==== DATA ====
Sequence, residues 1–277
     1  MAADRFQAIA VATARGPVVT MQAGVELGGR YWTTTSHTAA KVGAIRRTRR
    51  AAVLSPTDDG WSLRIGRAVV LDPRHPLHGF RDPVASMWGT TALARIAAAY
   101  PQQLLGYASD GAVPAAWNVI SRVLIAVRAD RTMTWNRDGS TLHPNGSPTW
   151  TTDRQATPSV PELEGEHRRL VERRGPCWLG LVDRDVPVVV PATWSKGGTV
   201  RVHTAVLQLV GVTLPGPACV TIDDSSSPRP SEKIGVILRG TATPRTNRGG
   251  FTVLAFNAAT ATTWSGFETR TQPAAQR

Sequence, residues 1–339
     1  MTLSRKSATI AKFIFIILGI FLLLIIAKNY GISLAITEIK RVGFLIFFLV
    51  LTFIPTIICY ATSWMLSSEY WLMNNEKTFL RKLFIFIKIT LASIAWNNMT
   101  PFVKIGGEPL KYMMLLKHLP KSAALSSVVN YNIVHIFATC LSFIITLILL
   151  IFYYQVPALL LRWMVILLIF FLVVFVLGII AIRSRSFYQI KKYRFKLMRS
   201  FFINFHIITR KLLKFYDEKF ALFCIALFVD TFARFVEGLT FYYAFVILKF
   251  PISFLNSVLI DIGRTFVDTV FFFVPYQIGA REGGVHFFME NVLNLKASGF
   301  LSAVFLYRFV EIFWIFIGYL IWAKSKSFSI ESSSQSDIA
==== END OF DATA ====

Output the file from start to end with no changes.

Sequence, residues 1–277
     1  MAADRFQAIA VATARGPVVT MQAGVELGGR YWTTTSHTAA KVGAIRRTRR
    51  AAVLSPTDDG WSLRIGRAVV LDPRHPLHGF RDPVASMWGT TALARIAAAY
   101  PQQLLGYASD GAVPAAWNVI SRVLIAVRAD RTMTWNRDGS TLHPNGSPTW
   151  TTDRQATPSV PELEGEHRRL VERRGPCWLG LVDRDVPVVV PATWSKGGTV
   201  RVHTAVLQLV GVTLPGPACV TIDDSSSPRP SEKIGVILRG TATPRTNRGG
   251  FTVLAFNAAT ATTWSGFETR TQPAAQR

Sequence, residues 1–339
     1  MTLSRKSATI AKFIFIILGI FLLLIIAKNY GISLAITEIK RVGFLIFFLV
    51  LTFIPTIICY ATSWMLSSEY WLMNNEKTFL RKLFIFIKIT LASIAWNNMT
   101  PFVKIGGEPL KYMMLLKHLP KSAALSSVVN YNIVHIFATC LSFIITLILL
   151  IFYYQVPALL LRWMVILLIF FLVVFVLGII AIRSRSFYQI KKYRFKLMRS
   201  FFINFHIITR KLLKFYDEKF ALFCIALFVD TFARFVEGLT FYYAFVILKF
   251  PISFLNSVLI DIGRTFVDTV FFFVPYQIGA REGGVHFFME NVLNLKASGF
   301  LSAVFLYRFV EIFWIFIGYL IWAKSKSFSI ESSSQSDIA